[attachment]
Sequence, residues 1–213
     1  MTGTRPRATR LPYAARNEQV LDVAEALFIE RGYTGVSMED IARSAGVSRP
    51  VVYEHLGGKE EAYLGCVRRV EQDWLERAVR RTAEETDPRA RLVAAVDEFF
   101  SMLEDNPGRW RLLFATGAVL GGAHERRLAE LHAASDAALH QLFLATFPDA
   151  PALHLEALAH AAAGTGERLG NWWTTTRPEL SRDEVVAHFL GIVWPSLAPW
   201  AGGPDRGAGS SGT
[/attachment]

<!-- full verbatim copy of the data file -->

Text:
Sequence, residues 1–213
     1  MTGTRPRATR LPYAARNEQV LDVAEALFIE RGYTGVSMED IARSAGVSRP
    51  VVYEHLGGKE EAYLGCVRRV EQDWLERAVR RTAEETDPRA RLVAAVDEFF
   101  SMLEDNPGRW RLLFATGAVL GGAHERRLAE LHAASDAALH QLFLATFPDA
   151  PALHLEALAH AAAGTGERLG NWWTTTRPEL SRDEVVAHFL GIVWPSLAPW
   201  AGGPDRGAGS SGT